screen shot

David Martinez- Brave Faces Portrait Gallery

“I am a Whitmore resident and Winnemem Wintu tribal member. I have faced racism and abuse and feelings of not belonging. It has been a long journey to find my way home again and to find peace.

Many Indian people suffer from what’s called historical trauma. My people suffered many massacres and atrocities. My mother was taken to Indian boarding school where she was beaten and molested. She still taught us to be proud of being Indian, but she made us go to church because she was terrified we might get sent to boarding schools like she was. Growing up, the kids would tie me to a tree and “scalp me”, cutting my hair off. I got beat up regular for being an Indian. Around age 12, I discovered alcohol, and I found a way to escape those feelings of not being part of anything. It began my addiction, which would last 33 years.”


Listen to David explain how historical trauma can affect Native Americans.


 “My Great Aunt Renee Colman taught me about being Winnemem. She told me we come from Mt. Shasta and speak for the salmon and the waters. She would take me to sacred places on the McCloud River that had been flooded by the Shasta Dam, and she taught me we need to protect what we have left."

*Seen here: David is dressed in traditional Winnemem regalia, including the Flicker band over his eyes, and dances during the Winnemem Wintu's H'up Chonas (Dance in the Old Way; War Dance) in May 2012.


Listen to David talk about who the Winnemem Wintu are as a people.


“She also told me it was our job to help people. I found a way to help by becoming an EMT (Emergency Medical Technician) in Mendocino County. It was an insane life, running out to accidents, suicides, murders, fires. You name it. It imprinted a lot of memories that still haunt me to this day. Imagine someone dying in your arms after you have done everything you can to safe their life. It's not something you forget.

It's been a lot of years since I was an EMT, but Post Traumatic Stress Disorder still kicks in. Certain sounds and smells, will bring those horrific memories flooding back. I couldn't watch "E.R." when it was on television for that reason. It was too real to me.


*Shown here: David drums at an Idle No More Round Dance at Mt. Shasta Mall in Redding.

“There was no critical incident stress debriefings for EMTs back then. After a call, we would haul ass back, so we could hit the bar before closing time and wipe away those memories with alcohol.


I quit the ambulance service because my need for alcohol overshadowed my need to help people. Every day I drank between a six- and 18-pack of beer, a full pint of 100-proof liquor for three years, all while I was holding a county job. That was my life."

“My recovery started when I was hospitalized. While drunk, I was trying to put away one of my loaded guns and accidentally shot myself. When I got out of the hospital seven days later, my family had an intervention, and I went into a 30-day program. I was doing art therapy one day, and I painted the four directions, the tree of life, the colors and the native beliefs I hadn't thought about for so long.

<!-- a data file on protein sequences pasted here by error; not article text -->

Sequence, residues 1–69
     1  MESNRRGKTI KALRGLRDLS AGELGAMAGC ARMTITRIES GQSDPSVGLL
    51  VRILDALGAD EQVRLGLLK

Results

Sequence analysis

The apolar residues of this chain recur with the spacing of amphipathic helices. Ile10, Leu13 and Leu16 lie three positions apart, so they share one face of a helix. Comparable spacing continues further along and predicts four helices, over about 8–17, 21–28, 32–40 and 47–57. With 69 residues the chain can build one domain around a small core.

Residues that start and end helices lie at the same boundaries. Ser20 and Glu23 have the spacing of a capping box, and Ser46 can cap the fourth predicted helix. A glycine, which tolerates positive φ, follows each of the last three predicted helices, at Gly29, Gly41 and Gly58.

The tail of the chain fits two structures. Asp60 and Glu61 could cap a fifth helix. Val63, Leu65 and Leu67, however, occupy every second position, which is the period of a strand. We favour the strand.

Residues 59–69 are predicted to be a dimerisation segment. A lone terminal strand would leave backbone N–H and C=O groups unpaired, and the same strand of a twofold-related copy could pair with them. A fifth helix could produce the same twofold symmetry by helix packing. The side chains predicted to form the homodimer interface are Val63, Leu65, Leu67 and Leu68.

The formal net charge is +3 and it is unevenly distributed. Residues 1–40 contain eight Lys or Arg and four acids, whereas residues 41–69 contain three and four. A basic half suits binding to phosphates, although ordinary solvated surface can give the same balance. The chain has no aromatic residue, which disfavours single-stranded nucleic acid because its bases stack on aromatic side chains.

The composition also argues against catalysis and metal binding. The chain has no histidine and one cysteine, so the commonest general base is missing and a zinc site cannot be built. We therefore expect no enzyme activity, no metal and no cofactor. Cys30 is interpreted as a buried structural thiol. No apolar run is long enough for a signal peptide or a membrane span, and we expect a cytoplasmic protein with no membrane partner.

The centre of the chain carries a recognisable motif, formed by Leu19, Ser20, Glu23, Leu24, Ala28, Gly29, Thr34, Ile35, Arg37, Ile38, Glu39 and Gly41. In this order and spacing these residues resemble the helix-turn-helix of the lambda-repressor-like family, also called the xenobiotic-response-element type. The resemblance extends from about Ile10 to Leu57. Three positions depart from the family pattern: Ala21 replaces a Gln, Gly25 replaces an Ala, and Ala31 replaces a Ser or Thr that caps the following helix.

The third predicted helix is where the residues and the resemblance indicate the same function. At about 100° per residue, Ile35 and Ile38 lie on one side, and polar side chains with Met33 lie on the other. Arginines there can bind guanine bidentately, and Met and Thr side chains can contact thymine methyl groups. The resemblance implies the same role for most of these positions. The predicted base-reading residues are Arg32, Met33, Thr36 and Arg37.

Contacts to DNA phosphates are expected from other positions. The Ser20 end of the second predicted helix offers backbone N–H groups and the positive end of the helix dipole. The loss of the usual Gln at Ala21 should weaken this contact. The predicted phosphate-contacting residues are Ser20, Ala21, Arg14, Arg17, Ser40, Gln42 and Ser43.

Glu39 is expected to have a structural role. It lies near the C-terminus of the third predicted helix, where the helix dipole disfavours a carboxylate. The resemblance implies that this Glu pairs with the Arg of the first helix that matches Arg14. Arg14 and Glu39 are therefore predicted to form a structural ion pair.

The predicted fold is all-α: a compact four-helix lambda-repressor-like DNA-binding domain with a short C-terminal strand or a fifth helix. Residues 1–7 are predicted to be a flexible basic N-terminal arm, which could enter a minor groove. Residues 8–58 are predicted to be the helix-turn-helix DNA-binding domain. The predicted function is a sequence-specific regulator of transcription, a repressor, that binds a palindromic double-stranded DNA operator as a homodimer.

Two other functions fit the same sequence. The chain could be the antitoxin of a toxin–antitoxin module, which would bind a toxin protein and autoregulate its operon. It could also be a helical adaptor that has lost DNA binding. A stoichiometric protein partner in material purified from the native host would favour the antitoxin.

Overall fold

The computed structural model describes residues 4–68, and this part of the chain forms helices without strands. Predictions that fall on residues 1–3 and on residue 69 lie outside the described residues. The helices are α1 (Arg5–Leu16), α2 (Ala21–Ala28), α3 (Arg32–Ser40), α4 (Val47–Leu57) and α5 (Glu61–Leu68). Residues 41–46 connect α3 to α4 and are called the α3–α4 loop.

After I got out of treatment, I started doing sweat lodges, and joined up with the California bear dancers. After a few years of getting my act back together, my sister took me to the Winnemem's Coonrod Ceremony near Mt. Shasta, and I knew immediately that I was home again."

*Shown here: David performs a traditional dance at the Winnemem Wintu's Coonrod ceremony, which is held every summer. A sacred spring on Mt. Shasta is the tribe's genesis place, according to their oral tradition.


Listen to David discuss how his native beliefs helped his recovery.


“I am dual-diagnosed, which means I have a substance abuse problem and some depression issues. My thinking has been derailed after all those years of drinking. My brain chemicals have been depleted. I accept I have depression issues, and that I have to work on them. Sometimes it means making yourself getting off your dang butt and doing something until you feel better. Sometimes I think a chemical intervention is necessary. 

 

Right now I am on Wellbutrin, and I don't have as many days when I'm glued to the chair feeling sorry for myself. It helps me get out of what I call that Eeyore mode."


Listen to David talk about his work as a drug and alcohol counselor and why he thinks Native Americans sometimes need a different approach to treatment.


"There are many things that keep me going. Dancing with the tribe at ceremony fills the spirit and fills the soul even though we are fasting and physically straining ourselves. There's also something about the freedom of riding a motorcycle. I feel more at one with those things around me when I'm riding. I also found some guys in Whitmore who play music, and we get together every Friday night for a jam session. It's another great outlet.

I'm a Winnemem dancer singing country western-cowboy songs. I've got a little biker in me too. It makes for a very fulfilling life."